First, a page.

Published by Harper Collins on April 21st 2015
Genres: Death & Dying, Friendship, Love & Romance, Social Issues, Young Adult
From the acclaimed author of How to Love comes another stunning contemporary novel, perfect for fans of Sarah Dessen.Molly Barlow is facing one long, hot summer—99 days—with the boy whose heart she broke and the boy she broke it for . . . his brother.Day 1: Julia Donnelly eggs my house my first night back in Star Lake, and that's how I know everyone still remembers everything. She has every right to hate me, of course: I broke Patrick Donnelly's heart the night everything happened with his brother, Gabe. Now I'm serving out my summer like a jail sentence: Just ninety-nine days till I can leave for college and be done.Day 4: A nasty note on my windshield makes it clear Julia isn't finished. I'm expecting a fight when someone taps me on the shoulder, but it's just Gabe, home from college and actually happy to see me.
Molly Barlow left her small town without so much as a goodbye. Unfortunately for her, she could only run so far before she had to come back and face the inevitable. The inevitable just so happens to include the Donnellys, a family she used to love more than her own. Small town secrets are usually big news, especially when it’s broadcasted for everyone to hear. Only Molly didn’t actually tell anyone what happened, someone else did. Ninety-nine days—that’s all she has to endure before she’s off to Boston without ever having to look back, but a lot can happen in one summer.
This was one of those books that had my attention the second I saw it on the table at Books-A-Million. Consequently, it also ended up being one of those books that I convinced myself I didn’t need; that is until I saw a signed copy sitting happily on display at Books of Wonder in New York.
Summertime is the perfect time to read about a summer romance, or more like a summer scandal. And this book was scandalous. The inside cover of the book only gave me a brief section of Molly’s days back home, so I had to connect the dots as I read to learn what happened. As a result of the incidents of sophomore year, Molly was a pariah in her own town. Like anyone else who learned about her story, I didn’t like her at first. In fact, there were moments where I found it almost impossible to like her. By the end of the book, though, when even more secrets surfaced, I stood firmly on her side. Molly’s character proved that everyone makes mistakes, and that some of those mistakes will only pile on top of other ones, but the bad choices are not what defines who a person is. Most importantly, life exist outside of high school drama. (Thank you, Katie Cotugno!) The author gave readers a lot to process in creating Molly alone, and reading this book took me on a rollercoaster of emotions (like, seriously, you thought John Green was bad). She may have dug her grave, but everyone but her seemed to be piling on the dirt.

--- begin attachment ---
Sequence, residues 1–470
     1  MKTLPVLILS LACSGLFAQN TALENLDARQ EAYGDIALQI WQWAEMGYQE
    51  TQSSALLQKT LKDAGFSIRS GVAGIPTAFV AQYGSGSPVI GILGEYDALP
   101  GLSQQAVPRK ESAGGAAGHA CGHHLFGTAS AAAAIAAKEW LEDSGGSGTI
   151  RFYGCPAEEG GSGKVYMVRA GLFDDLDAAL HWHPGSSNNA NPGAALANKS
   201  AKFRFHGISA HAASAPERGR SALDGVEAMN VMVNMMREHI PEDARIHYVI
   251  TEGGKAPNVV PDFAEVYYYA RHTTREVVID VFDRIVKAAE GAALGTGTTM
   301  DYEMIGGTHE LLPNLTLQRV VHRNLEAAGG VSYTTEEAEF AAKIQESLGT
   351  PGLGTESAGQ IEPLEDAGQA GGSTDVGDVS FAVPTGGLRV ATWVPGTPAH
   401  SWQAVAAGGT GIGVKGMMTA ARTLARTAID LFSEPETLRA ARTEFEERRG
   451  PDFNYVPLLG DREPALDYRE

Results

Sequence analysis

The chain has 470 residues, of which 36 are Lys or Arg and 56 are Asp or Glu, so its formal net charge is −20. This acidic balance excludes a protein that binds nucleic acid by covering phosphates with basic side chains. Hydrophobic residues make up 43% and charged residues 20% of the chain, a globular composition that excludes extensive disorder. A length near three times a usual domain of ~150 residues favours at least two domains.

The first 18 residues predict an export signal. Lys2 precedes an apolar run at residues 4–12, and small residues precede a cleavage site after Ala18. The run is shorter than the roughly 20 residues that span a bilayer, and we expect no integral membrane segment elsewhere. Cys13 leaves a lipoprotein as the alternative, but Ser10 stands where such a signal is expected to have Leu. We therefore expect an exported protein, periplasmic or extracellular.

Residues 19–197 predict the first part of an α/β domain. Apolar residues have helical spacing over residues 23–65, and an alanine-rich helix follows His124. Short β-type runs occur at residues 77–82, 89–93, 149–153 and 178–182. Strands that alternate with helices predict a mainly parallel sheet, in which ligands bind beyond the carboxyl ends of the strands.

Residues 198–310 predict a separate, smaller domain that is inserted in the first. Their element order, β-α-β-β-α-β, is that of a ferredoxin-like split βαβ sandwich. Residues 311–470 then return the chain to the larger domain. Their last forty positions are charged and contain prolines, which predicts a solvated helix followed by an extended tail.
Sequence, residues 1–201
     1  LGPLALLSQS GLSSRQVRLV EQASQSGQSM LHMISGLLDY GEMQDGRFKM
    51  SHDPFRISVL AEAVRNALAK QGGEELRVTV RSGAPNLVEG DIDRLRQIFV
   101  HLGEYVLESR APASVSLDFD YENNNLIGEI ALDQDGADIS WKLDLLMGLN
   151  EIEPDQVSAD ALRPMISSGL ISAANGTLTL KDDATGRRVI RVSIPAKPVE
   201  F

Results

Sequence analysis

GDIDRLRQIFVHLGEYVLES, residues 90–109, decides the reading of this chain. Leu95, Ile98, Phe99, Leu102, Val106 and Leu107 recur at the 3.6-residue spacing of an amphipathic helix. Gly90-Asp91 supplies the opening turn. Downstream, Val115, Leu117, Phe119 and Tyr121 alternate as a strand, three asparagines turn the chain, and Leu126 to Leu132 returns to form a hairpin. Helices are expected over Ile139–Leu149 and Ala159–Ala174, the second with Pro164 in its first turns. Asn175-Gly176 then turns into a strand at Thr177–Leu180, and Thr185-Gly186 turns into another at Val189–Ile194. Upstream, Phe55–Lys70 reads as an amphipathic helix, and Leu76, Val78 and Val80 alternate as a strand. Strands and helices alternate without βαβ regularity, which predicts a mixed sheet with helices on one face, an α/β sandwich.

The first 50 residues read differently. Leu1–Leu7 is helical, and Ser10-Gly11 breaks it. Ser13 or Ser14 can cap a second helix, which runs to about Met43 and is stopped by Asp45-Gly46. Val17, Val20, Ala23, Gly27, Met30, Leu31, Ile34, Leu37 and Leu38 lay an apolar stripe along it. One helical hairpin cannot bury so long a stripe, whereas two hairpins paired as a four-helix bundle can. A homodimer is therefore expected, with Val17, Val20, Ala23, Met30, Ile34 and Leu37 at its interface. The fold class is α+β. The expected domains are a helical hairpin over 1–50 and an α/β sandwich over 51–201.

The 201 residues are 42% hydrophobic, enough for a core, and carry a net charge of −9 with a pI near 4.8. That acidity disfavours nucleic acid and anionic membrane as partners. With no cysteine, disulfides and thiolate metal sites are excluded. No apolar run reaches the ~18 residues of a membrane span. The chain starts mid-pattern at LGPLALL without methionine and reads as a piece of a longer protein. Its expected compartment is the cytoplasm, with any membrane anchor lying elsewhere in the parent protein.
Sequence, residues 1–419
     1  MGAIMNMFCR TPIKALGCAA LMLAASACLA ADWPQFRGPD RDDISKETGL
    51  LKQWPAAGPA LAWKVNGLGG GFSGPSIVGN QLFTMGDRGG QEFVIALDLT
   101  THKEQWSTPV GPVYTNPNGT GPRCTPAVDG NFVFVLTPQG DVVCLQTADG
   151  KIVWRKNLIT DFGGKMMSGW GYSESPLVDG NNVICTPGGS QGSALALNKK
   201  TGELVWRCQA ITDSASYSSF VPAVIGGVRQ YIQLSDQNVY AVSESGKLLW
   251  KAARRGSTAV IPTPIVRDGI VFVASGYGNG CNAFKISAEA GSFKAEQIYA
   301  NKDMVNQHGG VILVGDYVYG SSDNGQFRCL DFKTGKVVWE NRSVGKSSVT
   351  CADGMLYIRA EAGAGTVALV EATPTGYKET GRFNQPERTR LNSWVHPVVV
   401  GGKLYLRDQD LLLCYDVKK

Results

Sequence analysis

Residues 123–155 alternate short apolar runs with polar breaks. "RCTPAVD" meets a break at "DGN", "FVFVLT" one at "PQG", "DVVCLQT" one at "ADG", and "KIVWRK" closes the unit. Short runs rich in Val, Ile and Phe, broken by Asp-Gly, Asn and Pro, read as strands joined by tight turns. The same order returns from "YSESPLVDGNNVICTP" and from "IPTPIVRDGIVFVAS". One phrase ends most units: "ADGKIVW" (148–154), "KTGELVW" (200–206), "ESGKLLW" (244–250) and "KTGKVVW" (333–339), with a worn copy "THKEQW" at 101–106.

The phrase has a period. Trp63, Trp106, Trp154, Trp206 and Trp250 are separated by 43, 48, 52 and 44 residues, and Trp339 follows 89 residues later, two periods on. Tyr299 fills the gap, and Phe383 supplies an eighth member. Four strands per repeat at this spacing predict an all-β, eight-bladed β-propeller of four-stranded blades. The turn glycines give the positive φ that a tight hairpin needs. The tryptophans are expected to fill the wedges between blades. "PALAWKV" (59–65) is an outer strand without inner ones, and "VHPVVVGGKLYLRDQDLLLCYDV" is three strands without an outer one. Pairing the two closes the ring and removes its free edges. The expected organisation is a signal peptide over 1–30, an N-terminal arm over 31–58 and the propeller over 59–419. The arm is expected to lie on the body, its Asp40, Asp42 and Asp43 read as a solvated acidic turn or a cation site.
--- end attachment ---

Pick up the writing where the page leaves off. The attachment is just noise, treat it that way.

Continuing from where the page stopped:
With any great scandal there’s always the other person it revolved around. I thought I had it figured out who Molly would choose, but as soon as I made a decision it would change. I loved what Cotugno chose, even though I’m sure there will be plenty who will disagree (don’t worry, I won’t tell!). When it came to Molly’s love life, it was impossible to know what would happen, which made me sympathize with Molly even more.
Summer romance has never been quite like this. I’m a tad skeptical on whether or not I want to read Cotugno’s debut, How to Love, but if it’s anything like 99 Days, I’m seriously rethinking that decision. There were some parts that I had a more difficult time getting through, and I wouldn’t recommend the book to younger teens. Even though it wasn’t necessarily my favorite summer romance, the ending was one of my favorites.
The summer is almost over, but you still have time to read about Molly’s. Scandal, romance, and indecision, you won’t regret it.